Injured footballer waits for delayed £80k payment

first_imgA personal injury solicitor says his client waited weeks for damages due to him in October as the identity of the insurer in the case was concealed.Paul Mulderrig, of north west firm Mulderrigs Solicitors, represented amateur footballer Paul Shipley (pictured) at Newcastle Combined Court in October where it was ordered that another footballer Lee Simpson pay around £22,000 damages and £60,000 costs. Simpson had contested the claim, which related to a a fractured left tibia incurred in a tackle on Shipley in 2013.Despite the judgment ordering payment to Shipley’s solicitors by 28 October, no amounts were immediately forthcoming.Mulderrig said the defendant firm in the case, Kennedys, working under the terms of an insurance policy issued to Durham County Football Association Ltd, had refused to reveal the identity of Simpson’s insurers. This made it harder to find out whom to pursue for the outstanding money.Mulderrig told the Gazette: ’As a matter of principle, where a solicitor represents an insurer who has stepped into litigation they ought not to be allowed to keep the identity of that insurer secret as has happened here.‘The conduct of the insurer has a direct impact on the amount of cost and work that a claimant is put to during the course of the case – in this case the insurer’s unreasonable conduct added many thousands of pounds to the costs of the action – and the claimant ought to know the identity of the insurer putting him to that cost.’Mulderrig said his client, who worked as a draughtsman and was expecting his first child at the time of the match, has never returned to football and the injury has had a long-lasting impact on his life.He had attempted to negotiate a settlement over the past three years but Mulderrig says the defendants rejected all invitations.Despite several emails to Kennedys, no payment was made until last week, when around a quarter of the sum was transferred. Mulderrig said £60,000 was still outstanding four weeks after the court-imposed deadline.A spokesman for Kennedys confirmed that it acted in Shipley v Simpson and said the claimant’s damages were paid last week.He added: ‘We have asked the loss adjuster involved in the claim to expedite the costs payment to Mulderiggs Solicitors and have continued to chase for payment to be made, as we are not authorised to make this payment on the client’s behalf. We have also kept Mr Mulderigg updated on what we have been doing to press for costs payment. Client confidentiality prevents us from sharing the name of our client but we can confirm that there is no conflict of interest in this case.’last_img read more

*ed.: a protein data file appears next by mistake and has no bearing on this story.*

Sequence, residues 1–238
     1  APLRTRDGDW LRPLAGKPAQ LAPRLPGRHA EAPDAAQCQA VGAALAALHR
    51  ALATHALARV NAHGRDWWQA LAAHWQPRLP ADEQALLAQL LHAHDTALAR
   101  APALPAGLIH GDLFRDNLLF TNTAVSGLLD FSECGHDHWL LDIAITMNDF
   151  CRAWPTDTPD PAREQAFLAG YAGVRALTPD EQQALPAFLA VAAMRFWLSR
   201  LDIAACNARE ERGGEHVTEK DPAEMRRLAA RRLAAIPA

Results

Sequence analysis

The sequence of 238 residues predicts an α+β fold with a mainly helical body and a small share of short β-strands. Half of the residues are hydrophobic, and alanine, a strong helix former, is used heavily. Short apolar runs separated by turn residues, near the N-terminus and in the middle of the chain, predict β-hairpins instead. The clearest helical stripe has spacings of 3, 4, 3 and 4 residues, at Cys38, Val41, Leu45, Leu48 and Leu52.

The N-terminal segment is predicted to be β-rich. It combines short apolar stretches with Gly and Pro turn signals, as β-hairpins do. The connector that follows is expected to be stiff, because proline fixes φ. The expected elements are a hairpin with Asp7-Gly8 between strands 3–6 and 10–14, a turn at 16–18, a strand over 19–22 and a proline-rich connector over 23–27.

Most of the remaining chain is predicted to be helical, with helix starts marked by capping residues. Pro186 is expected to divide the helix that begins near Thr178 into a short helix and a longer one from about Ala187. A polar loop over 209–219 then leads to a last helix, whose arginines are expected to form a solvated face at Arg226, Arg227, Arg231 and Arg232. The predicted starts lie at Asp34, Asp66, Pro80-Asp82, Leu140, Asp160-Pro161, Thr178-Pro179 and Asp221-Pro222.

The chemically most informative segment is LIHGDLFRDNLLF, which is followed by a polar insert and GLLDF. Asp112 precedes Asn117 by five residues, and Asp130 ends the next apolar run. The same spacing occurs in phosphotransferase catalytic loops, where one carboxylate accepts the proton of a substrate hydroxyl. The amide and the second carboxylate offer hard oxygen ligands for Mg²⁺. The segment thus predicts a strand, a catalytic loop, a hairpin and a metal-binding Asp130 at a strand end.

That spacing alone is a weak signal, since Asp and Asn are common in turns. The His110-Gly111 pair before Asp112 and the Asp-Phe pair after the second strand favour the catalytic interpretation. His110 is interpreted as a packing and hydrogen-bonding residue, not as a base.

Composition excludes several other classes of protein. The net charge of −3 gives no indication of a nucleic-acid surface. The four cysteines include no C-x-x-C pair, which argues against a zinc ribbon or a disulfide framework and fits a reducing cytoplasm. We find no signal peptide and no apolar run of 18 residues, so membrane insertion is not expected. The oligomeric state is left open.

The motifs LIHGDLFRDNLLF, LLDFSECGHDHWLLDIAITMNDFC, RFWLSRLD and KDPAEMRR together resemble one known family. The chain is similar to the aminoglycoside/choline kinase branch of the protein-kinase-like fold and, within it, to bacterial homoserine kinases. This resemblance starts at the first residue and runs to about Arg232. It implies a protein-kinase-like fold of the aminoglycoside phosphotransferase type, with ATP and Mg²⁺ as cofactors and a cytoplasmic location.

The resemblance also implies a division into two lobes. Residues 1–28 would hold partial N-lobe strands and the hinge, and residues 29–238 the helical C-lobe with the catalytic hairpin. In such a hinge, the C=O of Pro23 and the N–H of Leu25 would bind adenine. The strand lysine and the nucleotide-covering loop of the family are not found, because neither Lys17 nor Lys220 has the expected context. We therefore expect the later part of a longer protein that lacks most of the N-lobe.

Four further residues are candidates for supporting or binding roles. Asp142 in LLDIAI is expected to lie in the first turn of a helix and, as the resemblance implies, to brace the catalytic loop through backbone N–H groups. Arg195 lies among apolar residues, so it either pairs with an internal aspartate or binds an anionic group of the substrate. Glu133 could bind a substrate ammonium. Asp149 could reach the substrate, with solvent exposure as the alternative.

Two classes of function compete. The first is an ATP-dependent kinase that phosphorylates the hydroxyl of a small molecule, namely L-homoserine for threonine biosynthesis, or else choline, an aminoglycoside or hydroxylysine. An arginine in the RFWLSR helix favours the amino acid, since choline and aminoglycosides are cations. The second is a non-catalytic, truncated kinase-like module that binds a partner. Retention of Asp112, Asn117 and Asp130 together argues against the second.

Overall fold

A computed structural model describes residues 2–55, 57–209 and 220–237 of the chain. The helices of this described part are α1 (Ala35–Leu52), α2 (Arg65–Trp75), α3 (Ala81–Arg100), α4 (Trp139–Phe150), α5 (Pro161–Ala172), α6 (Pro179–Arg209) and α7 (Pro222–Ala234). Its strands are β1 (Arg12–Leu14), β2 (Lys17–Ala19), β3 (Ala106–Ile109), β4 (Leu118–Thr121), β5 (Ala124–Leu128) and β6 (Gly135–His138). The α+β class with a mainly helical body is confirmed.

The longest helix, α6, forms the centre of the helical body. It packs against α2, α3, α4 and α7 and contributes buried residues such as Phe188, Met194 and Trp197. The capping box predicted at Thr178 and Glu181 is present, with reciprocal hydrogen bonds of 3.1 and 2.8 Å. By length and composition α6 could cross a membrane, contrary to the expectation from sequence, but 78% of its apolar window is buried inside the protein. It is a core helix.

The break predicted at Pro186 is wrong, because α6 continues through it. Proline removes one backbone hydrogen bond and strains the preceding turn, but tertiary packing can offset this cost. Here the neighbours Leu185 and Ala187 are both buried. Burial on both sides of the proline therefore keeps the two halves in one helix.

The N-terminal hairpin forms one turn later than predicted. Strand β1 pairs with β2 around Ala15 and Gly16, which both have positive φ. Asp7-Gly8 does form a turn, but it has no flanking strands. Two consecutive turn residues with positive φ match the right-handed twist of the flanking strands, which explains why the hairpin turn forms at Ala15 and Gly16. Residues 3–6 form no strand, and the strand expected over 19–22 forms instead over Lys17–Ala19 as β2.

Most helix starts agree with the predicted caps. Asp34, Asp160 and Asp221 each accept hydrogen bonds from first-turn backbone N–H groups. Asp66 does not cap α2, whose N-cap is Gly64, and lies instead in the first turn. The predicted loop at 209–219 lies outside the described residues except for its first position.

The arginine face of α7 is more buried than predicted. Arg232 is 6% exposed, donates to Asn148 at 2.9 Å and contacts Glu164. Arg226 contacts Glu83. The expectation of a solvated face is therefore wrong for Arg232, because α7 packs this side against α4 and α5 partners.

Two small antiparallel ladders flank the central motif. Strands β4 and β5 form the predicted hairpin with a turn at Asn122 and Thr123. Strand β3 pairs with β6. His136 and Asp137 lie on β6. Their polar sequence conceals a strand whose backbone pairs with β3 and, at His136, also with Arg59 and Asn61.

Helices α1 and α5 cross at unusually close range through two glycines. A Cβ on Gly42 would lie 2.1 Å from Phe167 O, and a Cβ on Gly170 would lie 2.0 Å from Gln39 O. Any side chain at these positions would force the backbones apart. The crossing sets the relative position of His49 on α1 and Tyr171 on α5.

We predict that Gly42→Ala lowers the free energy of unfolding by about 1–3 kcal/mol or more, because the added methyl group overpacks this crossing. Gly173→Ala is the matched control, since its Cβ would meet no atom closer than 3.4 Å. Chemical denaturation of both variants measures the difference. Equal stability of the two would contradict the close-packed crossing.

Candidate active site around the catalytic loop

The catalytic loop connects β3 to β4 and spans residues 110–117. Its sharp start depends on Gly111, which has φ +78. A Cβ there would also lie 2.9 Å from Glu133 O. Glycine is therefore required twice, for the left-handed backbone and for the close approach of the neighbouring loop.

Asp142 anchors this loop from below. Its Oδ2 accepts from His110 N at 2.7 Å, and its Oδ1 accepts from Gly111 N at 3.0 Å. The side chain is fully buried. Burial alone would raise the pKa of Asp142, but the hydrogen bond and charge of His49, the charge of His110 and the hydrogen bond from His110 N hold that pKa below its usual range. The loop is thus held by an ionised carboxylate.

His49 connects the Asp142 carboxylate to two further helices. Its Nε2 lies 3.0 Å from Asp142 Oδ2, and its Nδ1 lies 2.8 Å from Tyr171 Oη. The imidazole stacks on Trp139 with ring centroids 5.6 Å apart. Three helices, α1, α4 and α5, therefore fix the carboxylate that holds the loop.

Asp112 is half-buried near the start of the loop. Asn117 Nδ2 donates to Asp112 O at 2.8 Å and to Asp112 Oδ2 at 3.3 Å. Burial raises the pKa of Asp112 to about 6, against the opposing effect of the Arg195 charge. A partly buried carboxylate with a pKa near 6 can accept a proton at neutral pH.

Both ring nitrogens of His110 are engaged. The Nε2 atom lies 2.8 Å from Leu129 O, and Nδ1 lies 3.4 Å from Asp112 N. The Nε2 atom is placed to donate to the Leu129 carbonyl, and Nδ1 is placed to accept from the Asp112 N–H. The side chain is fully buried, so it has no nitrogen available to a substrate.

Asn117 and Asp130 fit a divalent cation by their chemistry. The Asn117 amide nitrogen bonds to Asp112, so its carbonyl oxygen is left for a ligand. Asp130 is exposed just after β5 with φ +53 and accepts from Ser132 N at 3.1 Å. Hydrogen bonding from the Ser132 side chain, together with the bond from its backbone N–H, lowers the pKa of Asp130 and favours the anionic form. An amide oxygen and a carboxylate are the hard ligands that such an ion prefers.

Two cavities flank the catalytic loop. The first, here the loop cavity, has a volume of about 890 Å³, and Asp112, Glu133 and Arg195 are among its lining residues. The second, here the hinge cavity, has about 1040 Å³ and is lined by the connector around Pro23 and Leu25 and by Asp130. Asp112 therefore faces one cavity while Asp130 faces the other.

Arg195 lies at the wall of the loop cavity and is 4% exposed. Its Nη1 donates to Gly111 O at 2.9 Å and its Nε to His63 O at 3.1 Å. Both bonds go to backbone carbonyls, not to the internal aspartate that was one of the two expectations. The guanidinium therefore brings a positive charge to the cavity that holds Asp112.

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GALLERY: Inquirer Sports’ best photos of 2019